Solemnity of Christ, the King

Solemnity of Christ, the King

Ezek 34: 11-12, 15-17                                    1Cor 15: 20-26, 28                             Mt 25: 31-46

 

Theme:

Recognizing Jesus to be our King is to allow him to rule all our faculties and life.

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The Solemnity of Our Lord Jesus Christ, King of the Universe, commonly referred to as the Feast of Christ the King, is a relatively recent addition to the liturgical calendar. (Some people, because of its overtly masculine overtone, prefer to call it as ‘the feast of the Reign of Christ.’). It was the Pope Pius XI who instituted this feast in his encyclical Quas Primas (meaning ‘In the first’) of 1925 in response to growing secularism. While the world was increasingly telling Christians that they must compartmentalize their religion and give their highest allegiance to the government, Pope Pius XI wanted to communicate to the world and the states that the Christians have got personal freedom to follow Christ and the states have no power to intervene with that. It does not mean that the Christians would rebel against the governments and states. Rather his point was When once men recognize, both in private and in public life, that Christ is King, society will at last receive the great blessings of real liberty, well-ordered discipline, peace and harmony.”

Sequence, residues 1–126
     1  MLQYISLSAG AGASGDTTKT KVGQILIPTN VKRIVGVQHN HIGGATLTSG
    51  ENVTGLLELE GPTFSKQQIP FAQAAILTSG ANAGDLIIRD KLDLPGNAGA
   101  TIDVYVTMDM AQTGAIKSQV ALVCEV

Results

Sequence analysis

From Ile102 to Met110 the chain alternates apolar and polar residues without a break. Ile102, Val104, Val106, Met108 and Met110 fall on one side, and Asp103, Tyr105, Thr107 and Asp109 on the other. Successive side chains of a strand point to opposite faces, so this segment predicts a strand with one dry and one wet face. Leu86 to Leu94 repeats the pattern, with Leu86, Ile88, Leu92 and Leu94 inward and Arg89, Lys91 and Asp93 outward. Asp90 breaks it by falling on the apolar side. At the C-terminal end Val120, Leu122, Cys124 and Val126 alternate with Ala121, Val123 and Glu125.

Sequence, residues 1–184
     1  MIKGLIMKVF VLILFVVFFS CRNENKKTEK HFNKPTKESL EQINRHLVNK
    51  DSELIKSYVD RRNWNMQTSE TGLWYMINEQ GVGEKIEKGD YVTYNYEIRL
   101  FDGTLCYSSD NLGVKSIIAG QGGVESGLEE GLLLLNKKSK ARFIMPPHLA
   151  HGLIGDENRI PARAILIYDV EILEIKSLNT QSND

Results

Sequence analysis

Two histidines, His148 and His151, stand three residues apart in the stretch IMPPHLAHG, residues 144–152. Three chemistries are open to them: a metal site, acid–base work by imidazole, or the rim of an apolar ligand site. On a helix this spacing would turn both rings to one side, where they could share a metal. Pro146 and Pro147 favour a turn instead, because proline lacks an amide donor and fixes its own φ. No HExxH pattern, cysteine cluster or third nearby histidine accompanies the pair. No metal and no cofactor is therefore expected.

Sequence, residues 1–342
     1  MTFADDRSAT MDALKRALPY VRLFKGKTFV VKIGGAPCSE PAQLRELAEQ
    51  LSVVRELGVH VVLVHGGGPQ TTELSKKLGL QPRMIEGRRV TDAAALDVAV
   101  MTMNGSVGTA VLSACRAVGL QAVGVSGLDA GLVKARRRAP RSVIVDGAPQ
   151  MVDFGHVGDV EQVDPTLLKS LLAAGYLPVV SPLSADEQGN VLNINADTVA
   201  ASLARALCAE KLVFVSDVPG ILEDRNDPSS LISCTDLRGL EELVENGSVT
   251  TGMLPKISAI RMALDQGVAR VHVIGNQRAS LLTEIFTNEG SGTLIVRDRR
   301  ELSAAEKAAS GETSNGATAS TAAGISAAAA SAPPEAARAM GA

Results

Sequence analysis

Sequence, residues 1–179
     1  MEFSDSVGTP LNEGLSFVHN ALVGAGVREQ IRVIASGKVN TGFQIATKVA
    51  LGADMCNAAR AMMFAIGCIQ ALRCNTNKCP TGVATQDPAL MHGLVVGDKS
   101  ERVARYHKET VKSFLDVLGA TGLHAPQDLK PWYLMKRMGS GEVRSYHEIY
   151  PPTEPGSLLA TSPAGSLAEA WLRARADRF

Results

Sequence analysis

This feast of Christ the King invites us to recognize the fact that we all belong to Christ and we should allow Him to rule our very being. In the second reading, St. Paul writes, “he must reign until he has put all his enemies under his feet.” It was St. Cyril of Alexandria who said, “Christ has dominion over all creatures, …by essence and by nature. His kingship is founded upon the hypostatic union (with the Father).” We all know that Jesus himself claimed,  “All power in heaven and on earth has been given to me.” (Mt. 28:18)

 

The following words of the Pope Pius XI point out very beautifully how we need to subjugate ourselves to the reign of Christ: “If to Christ our Lord is given all power in heaven and on earth; if all men, purchased by his precious blood, are by a new right subjected to his dominion; if this power embraces all men, it must be clear that not one of our faculties is exempt from his empire. He must reign in our minds, which should assent with perfect submission and firm belief to revealed truths and to the doctrines of Christ. He must reign in our wills, which should obey the laws and precepts of God. He must reign in our hearts, which should spurn natural desires and love God above all things, and cleave to him alone. He must reign in our bodies and in our members, which should serve as instruments for the interior sanctification of our souls, or to use the words of the Apostle Paul, as instruments of justice unto God.”

 

When it is said that Jesus is the king of the world, then it goes without saying that he has got power over the world and people therein. Today’s readings point out that as the king of the world, he, along with the Father through his hypostatic union with Him, will do two things: First, He will gather people. Secondly, He will judge the world. Let us try to spend sometimes on these two points.